And as the Lord took delight in doing you good and multiplying you, so the Lord will take delight in bringing ruin upon you and destroying you. (Cf. Proverbs 1:24–26; Revelation 18:20; Ezekiel 5:13.)
So we are brought back to the inescapable fact that in some sense God does not delight in the death of the wicked (that is the message of Ezekiel 18), and in some sense he does (that is the message of Psalm 135:6–11 and Deuteronomy 28:63).
A Solution to the Problem
I venture a solution: namely, that the death and misery of the unrepentant is in and of itself not delight to God. God is not a sadist. He is not malicious or bloodthirsty. Instead, when a rebellious, unbelieving person is judged, what God delights in is righteousness, justice, and the vindication of truth and goodness and of his own honor and glory.
When Moses warns Israel that the Lord will take delight in bringing ruin upon them and destroying them if they don't repent, he means that those who have rebelled against the Lord and moved beyond repentance will not be able to gloat that they have made the Almighty miserable or ruined his joy. Satan will not be able to rejoice through all eternity that at least he has robbed God of his joy because people are in hell.
Quite the contrary. Moses says that when they are judged, they will unwittingly give an opportunity for God to rejoice in the demonstration of his justice and his power and the infinite worth of his glory.
Stand in Awe of God
Let this be a warning to us this morning. God is not mocked. He is not trapped or cornered or coerced. Even at the one point in history where he did what in one sense was the hardest thing for God to do, "not spare his own Son" (Romans 8:32), God was free and doing what pleased him. Isaiah 53:10, which says, "It was the will of the Lord to bruise him," uses the word haphetz (pleasure, delight) which the KJV translates, "It pleased the Lord to bruise him." And Paul says that the self-sacrifice of Jesus in death was "a fragrant offering and sacrifice to God" (Ephesians 5:2). The greatest sin and the greatest death and the hardest act of God was pleasing to the Father.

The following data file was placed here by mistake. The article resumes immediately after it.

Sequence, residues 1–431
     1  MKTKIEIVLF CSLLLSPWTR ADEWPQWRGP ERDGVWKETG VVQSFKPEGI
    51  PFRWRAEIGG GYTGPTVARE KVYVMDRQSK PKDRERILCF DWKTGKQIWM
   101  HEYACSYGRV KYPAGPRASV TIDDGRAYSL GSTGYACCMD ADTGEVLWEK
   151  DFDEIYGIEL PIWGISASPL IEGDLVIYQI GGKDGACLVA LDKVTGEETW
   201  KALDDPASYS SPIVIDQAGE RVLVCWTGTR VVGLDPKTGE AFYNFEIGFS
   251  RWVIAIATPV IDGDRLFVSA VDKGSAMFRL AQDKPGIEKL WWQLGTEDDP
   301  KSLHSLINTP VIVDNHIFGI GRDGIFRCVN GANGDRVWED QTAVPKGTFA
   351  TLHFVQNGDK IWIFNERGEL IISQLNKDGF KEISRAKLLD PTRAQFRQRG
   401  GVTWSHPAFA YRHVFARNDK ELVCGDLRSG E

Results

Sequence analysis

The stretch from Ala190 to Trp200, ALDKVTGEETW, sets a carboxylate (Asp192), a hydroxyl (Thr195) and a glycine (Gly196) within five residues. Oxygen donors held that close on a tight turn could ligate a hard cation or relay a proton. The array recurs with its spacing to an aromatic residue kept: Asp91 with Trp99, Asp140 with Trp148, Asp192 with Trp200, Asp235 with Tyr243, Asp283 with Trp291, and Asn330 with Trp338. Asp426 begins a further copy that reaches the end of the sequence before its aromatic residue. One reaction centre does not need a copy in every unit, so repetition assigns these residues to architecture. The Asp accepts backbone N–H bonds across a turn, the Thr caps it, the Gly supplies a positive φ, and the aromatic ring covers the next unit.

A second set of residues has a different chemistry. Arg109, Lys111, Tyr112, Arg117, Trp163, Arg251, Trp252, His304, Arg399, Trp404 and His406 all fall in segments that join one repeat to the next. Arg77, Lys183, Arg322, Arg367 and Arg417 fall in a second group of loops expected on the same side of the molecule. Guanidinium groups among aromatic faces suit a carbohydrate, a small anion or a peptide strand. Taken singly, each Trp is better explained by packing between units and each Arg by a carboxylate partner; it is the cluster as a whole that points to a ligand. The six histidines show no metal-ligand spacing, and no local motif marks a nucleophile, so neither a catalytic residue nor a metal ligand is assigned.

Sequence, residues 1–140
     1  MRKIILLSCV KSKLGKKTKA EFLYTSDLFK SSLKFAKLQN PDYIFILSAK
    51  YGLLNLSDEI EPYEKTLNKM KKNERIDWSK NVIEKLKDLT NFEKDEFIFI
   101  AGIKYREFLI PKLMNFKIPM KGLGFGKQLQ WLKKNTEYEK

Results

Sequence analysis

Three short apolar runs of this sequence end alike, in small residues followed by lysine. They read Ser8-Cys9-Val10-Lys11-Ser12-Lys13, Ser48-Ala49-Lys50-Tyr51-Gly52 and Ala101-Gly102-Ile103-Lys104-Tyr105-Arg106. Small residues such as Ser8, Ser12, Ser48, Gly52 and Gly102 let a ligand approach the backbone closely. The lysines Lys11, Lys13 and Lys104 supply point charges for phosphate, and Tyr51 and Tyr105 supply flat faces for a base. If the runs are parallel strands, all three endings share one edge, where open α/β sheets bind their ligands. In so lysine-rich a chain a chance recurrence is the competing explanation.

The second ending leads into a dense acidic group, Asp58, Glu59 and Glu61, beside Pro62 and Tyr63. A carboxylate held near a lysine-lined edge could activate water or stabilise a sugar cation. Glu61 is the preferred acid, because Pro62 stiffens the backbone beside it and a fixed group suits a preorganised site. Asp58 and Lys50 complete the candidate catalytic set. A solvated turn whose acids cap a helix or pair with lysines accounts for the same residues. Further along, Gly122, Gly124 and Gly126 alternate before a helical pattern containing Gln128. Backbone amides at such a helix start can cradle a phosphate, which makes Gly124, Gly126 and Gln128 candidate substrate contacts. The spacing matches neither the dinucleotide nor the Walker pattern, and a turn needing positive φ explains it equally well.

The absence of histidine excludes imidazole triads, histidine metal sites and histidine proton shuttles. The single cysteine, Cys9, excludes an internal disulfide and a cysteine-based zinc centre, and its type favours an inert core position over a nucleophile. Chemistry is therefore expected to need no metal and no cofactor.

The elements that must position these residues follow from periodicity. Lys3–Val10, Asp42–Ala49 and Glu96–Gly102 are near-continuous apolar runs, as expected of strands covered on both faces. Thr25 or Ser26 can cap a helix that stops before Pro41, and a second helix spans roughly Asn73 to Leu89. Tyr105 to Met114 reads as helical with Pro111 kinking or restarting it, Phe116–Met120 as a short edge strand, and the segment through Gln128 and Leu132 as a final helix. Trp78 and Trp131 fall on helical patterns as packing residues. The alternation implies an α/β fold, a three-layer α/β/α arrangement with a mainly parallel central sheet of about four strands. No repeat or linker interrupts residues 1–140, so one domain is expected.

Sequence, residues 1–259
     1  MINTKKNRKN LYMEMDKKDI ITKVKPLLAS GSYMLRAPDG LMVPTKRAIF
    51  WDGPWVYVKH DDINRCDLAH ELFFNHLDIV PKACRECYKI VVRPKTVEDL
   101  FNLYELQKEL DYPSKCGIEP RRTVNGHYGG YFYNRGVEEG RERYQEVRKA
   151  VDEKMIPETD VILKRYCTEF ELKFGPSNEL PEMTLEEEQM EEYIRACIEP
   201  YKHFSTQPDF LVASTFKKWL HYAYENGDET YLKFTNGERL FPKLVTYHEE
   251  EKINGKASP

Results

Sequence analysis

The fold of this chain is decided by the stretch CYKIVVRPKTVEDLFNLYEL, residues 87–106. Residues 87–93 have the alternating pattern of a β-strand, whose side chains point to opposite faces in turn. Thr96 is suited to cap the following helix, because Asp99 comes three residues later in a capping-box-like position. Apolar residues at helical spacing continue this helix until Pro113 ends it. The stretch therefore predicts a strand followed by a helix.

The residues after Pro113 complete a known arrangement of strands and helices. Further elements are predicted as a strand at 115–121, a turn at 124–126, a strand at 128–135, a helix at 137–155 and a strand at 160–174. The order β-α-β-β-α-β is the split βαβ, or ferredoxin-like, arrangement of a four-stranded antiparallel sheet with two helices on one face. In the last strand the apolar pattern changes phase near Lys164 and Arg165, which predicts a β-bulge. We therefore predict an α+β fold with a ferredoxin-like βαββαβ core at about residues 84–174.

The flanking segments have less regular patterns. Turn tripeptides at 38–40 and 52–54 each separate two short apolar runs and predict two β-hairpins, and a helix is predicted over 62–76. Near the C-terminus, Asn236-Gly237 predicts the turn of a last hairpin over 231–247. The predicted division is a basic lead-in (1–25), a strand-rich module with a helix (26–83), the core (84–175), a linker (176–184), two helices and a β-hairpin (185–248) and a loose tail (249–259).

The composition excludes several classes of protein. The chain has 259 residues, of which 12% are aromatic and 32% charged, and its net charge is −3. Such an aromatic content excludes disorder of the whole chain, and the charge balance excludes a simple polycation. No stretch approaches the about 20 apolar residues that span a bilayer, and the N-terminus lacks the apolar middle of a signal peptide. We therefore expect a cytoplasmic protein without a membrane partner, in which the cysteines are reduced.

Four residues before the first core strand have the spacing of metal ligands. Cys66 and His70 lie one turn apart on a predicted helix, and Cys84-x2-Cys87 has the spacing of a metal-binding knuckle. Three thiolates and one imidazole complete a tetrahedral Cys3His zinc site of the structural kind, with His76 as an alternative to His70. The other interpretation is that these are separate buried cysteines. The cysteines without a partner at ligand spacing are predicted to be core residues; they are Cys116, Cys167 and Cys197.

And on his way to Calvary Jesus himself had legions at his disposal. "No one takes my life from me; I lay it down of my own accord"—of my own good pleasure, for the joy that is set before me. At the one point in the history of the universe where Jesus looked trapped, he was totally in charge doing precisely what he pleased—dying to justify the ungodly like you and me.
So let us stand in awe and wonder this morning: "And let us tremble that not only our praises of God's sovereignty but also our salvation through the death of Christ for us, hang on this, "Our God is in heaven; he does whatever he pleases." Amen.